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.....operation swing into action that the production target for 1976 of 10,000 cars was raised first by 3 per cent and then by 7 per cent. This posed considerable supply problems, for it will be recalled that the Fiestas built at Valencia are put together from components from all over Europe. All the cylinder blocks, heads and crankshaft castings were at first supplied by Dagenham, being dispatched by truck to Liverpool and then by sea to Valencia, though now Spanish supplies of these castings account for more than 50 per cent of them. Other components from outside suppliers in Britain are collected into loads at a consolidation centre near Birmingham, then brought to Valencia by truck, taking 15 days for the run. Components from the German Ford works at Cologne and Saarlouis also come by truck, normally taking eight days, but should there be a shortage of components then special hot trucks with two drivers to each truck reduce the time considerably. The transmission units come from Bordeaux also by truck. More use may later be made of rail links with the rest of Europe as and when the sheer volume builds up, but the difficulty is that the Spanish rail gauge is, like the Russian railways, broader than the rest of Europe so that rail trucks are delayed at the frontier while their axles are changed.
So complex a system can operate only thanks to the excellent communications network - the plant has one of the largest telephone switchboards in Spain -and the extensive use of computers. The computer block is massive, but from it issues at 9 am every morning a complete record of the state of availability of each of the 1600 components needed to feed the assembly lines.
Spain since the death of Franco has been edging back to democracy, and as trades unions which have been illegal for the past 40 years flex their muscles in a drive for members, strikes are no longer unknown. It is therefore likely that production during the next 12 months may grow more slowly than had been hoped owing to the sort of interruptions only too familiar in Britain.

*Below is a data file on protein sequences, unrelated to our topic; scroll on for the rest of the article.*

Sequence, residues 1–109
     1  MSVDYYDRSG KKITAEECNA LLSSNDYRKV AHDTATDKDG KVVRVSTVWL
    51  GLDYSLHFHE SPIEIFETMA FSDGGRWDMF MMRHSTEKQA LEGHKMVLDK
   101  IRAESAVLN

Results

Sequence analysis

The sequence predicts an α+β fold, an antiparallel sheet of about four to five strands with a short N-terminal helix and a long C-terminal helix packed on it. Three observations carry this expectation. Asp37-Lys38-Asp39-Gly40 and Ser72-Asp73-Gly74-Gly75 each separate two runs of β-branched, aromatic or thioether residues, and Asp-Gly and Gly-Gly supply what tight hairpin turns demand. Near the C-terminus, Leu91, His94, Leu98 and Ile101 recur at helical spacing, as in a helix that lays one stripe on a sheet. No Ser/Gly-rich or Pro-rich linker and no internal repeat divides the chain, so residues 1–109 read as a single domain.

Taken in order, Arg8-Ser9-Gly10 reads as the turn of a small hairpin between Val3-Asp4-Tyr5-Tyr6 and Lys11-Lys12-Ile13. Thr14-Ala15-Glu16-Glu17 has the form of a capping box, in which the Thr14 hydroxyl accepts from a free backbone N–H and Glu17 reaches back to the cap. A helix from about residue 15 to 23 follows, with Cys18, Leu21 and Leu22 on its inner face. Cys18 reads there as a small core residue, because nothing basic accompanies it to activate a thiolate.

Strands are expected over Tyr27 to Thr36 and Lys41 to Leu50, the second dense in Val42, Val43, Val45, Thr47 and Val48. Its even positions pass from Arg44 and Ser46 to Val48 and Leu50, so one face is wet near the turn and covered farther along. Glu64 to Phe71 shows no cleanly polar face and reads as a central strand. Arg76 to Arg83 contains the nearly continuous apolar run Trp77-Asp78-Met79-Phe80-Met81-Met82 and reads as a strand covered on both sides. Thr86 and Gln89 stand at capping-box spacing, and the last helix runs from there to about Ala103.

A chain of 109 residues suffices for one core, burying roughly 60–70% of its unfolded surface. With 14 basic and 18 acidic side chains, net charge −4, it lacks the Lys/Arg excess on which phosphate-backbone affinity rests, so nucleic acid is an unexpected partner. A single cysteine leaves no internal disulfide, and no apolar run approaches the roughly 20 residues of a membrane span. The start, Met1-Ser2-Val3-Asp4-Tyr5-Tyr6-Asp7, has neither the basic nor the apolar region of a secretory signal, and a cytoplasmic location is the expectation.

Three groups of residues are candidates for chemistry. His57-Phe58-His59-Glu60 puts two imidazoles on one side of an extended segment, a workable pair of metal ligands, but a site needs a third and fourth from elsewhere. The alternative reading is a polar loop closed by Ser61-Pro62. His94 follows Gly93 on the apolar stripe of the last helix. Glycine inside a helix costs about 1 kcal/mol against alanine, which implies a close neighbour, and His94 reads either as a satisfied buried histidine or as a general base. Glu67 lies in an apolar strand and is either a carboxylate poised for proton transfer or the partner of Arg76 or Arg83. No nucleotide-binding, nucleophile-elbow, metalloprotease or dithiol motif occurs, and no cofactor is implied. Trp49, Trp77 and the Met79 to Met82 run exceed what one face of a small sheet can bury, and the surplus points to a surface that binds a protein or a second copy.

Seven years hard labour
Right from the start our aim has been to build a good small car and not just a cheap small car," said Ford of Europe Vice-Chairman Walter Hayes when I was having lunch with him at Warley recently. A point of view with which Ford of Europe President Red Poling and the Vice-President of Manufacturing, Bill Hayden who were sitting across the lunch table, most heartily agreed.
Which is just one of the reasons why seven years elapsed between the birth of the Fiesta project on September 30, 1969 and the public announcement of the car in Europe last October. Into those seven years has gone a stupefying amount of both financial and engineering effort, most of which has been shared in almost equal proportions between Ford of Europe's two big Engineering Centres, one at Dunton in Essex and the other at Merkenich outside Cologne.
Fiesta engineering was split between these two centres, the Merkenich styling studio being responsible for the body and Dunton responsible for the interior and body hardware, including bumpers. But as Dunton were responsible for such items as door locks and window winding mechanisms, it also made sense that they should assume responsibility for the doors in which all these items of hardware are housed. And yes, Dunton's doors did fit Merkenich's body.